Q: Yes. So, as I was saying, when you did these, these houses, that you did the servants’ clothes for, did you make the things for the …. (Mrs N: No, not for the ladies) the ladies of the house as well?
Mrs N: No, that was the housekeepers and the staff of servants, we generally did most of all.
Q: Mmm, so I wonder where they used to get their stuff made, do you think?
Mrs N: Oh, I don’t know. London, I suppose (Q: Maybe you’re right, yes.) Yes.
Q: So did, mmm, you have to work, you and your aunt have to work to find trade, or .…?
Mrs N: No, we never had to go out to, every – we seemed to be recommended, you know. Somebody’d say, you know, ‘I had that made at Mrs Cooper’s’, or something like that. We were never at a loss. The only time we got slack was during the War, during the winter months, during the War. And then we used to fill our time up making rag dolls (Q: Yes?) And selling them for the Red Cross. We used to do that. [In First World War]
Q: Why do you think it was quieter in the War?
Mrs N: Well, people hadn’t got the money, I suppose. Or there wasn’t the – everybody was on munitions or doing something. (Q: Yes.) [Pause] You’ve, um, you’ve seen the ration books we had during the War, haven’t you? Have you seen them? There’s – look, that cardboard thing, there, mmm. [Second World War]
Q: Oh, this one here? Let’s have a look.
Mrs N: They’re the slips my sons used to bring home when they came home on leave, you know, for the food. (Q: Oh, I see.) ‘Cos my Malcolm was in the Navy (Q: Yes) and David was in the RAM, RAMC. And that was the game, getting little squares cut out, have our sweets and our meat. [Laughs] Oh dear.
Q: And you’ve still got some?
Mrs N: Yes.
Q: Go and offer them to the Co-op now?
Ms N: Yes, I wonder what they’d say, wonder how much I’d get? [Both laugh]
Q: You used to go to the Co-op a fair bit, did you? Did you shop at the Co-op? A lot, yes? [Pause]
Mrs N: Yes, you know, now and again there was, there’d be something in, something extra and they’d let you have them, you see. If there were any extra, so I had two books up at the Co-op, up Braintree Road, and the others down here. So I, if there was anything special come in, I got two lots. [Laughs]
Q: How did you manage that? Just .… (Mrs N: Well, I .…) You mean they’d save specially for their regular customers or something?
Mrs N: Yes, yes, you see, and I’d, I had a girl from Crittall’s, a munition worker, I had her lodge with me when I was up Highfields Road. Of course I had her book, you see. So ….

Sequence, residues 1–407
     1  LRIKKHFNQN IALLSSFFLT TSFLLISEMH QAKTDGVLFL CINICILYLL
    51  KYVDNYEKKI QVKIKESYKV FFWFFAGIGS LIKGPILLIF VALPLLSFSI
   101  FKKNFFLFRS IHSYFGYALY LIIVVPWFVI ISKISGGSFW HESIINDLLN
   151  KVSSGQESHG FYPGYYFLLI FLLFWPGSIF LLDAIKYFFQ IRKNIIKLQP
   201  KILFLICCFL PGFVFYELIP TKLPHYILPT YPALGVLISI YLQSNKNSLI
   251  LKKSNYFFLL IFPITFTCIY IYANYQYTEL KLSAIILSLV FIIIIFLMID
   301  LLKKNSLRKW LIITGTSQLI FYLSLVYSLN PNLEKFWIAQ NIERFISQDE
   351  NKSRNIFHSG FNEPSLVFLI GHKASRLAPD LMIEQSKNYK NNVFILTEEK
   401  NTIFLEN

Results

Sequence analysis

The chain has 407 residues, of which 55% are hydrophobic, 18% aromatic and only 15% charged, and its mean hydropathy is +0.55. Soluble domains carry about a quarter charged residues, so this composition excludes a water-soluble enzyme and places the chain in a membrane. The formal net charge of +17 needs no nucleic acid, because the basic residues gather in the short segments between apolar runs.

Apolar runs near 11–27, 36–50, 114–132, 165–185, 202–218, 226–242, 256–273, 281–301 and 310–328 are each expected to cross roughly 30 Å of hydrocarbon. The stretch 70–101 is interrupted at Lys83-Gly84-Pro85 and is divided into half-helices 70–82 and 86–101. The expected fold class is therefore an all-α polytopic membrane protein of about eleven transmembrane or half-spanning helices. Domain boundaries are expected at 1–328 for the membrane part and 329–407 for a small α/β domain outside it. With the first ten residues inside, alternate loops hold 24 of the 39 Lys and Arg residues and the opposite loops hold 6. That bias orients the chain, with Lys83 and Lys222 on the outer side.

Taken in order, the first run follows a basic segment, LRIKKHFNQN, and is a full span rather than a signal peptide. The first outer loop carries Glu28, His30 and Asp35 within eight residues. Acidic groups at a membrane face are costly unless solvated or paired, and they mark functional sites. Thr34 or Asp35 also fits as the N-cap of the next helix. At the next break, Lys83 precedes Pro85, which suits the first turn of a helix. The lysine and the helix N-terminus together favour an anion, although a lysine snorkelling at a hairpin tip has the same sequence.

Q: Yes. So did the um ….
Mrs N: One ounce of cheese per week.
Q: You kept on doing your dressmaking, sort of, all the time on and off, (Mrs N: Yes, I .…) have you? (Mrs N: Yes, I never seemed to stop.) When you were married as well? Mmm.
Mrs N: You know, like now, I never stop. [Both laugh] It’s marvellous. You know.
Q: So you didn’t .… when you married, you didn’t .…?
Mrs N: No, I still kept on between having babies. I was, er [pause] I was doing something, a coat with fur, with a fur collar on. I had to stop doing that and have my baby, have my Betty, and then I [laughing] got on with it after, after I’d got me baby. [Both laugh] Yes.
Q: Did you work long hours? When you were with your aunt? Always? Or was it .…?
Mrs N: Yes! She was …. Till eight o’clock at night.
Q: Really? You had to work what she said? (Mrs N: Yes. Always) Even though you were ‘family’? You worked the same (Mrs N: Yes, oh yes) as the others.
Mrs N: Oh yes! Just the same. I wasn’t favoured (Q: No) No.
Q: So when the …. [pause]. Did the people who got these servants’ clothes have an account with you? Or how did they settle up?
Mrs N: I suppose, I just can’t remember. I should think the, I should think the mistress, I should think, paid the whole lot, I should imagine so. [Noises on the tape]
Q: The thing is .…It would be difficult because… the money would be a bit difficult because you had to buy all the stuff before you (Mrs N: Yes) did the work, didn’t you? So you had to sort of trust, take on trust that you could .…
Mrs N: Yes, I remember there was a fair came to Witham down the recreation ground. And one of the fair ladies came to my aunt and said she wanted three costumes made. And she brought the material and she, it was the time when everything was trimmed with black silk braid. There was a craze on that. (Q: Was there?) Two or three rows round the skirt, and on the jacket and that. And my aunt took the order on, you know, because they said they’d pay and all the rest of it. And she, we made the costumes and that was beautiful material. But they never came for them. And the fair went out of Witham. But would you believe it, the next year when they came round, that lady came and she said ‘I’ve come for my costumes’! (Q: Really?) [laughs] She paid right on the nail.
Q: Extraordinary! Yes. [Mrs N laughs] You’d still got them, I hope, did you?
Mrs N: She, you know, she, um, yes, they hung up in the, behind a curtain, you know, they were still there perfectly and they were most elaborately trimmed with braid, and all braid round the sleeves, and braid design down here.
Q: So you didn’t ever turn anybody away?
Mrs N: Oh no! No. Not to my knowledge. No, no, my aunt started a business from scratch in nineteen hundred and four. Because before then she had a pork butchers shop in Witham, where, [long pause] er, [pause]
Q: There was a pork butchers (Mrs N: Where?) up Woolworth’s way, wasn’t it? (Mrs N: Yes, Woolworth’s) Was it, up somewhere, was it?